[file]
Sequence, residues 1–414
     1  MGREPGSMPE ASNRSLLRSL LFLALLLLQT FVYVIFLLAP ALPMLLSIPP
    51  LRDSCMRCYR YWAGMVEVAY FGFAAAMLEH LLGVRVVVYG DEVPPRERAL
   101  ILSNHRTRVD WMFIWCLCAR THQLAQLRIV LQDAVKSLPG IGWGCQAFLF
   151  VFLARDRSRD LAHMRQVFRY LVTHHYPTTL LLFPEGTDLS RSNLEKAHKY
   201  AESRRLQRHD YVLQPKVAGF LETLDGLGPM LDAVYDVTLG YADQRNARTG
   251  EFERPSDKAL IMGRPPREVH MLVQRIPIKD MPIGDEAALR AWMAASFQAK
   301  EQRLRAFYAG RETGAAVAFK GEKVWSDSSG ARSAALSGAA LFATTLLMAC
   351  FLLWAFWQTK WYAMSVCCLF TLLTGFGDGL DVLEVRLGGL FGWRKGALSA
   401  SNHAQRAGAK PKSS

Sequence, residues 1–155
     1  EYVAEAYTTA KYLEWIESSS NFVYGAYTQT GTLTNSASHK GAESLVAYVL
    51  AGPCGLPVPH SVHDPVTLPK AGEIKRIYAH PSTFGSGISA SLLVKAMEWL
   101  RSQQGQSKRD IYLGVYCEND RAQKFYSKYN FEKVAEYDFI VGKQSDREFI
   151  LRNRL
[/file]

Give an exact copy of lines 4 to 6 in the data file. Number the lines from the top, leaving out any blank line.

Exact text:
   101  ILSNHRTRVD WMFIWCLCAR THQLAQLRIV LQDAVKSLPG IGWGCQAFLF
   151  VFLARDRSRD LAHMRQVFRY LVTHHYPTTL LLFPEGTDLS RSNLEKAHKY
   201  AESRRLQRHD YVLQPKVAGF LETLDGLGPM LDAVYDVTLG YADQRNARTG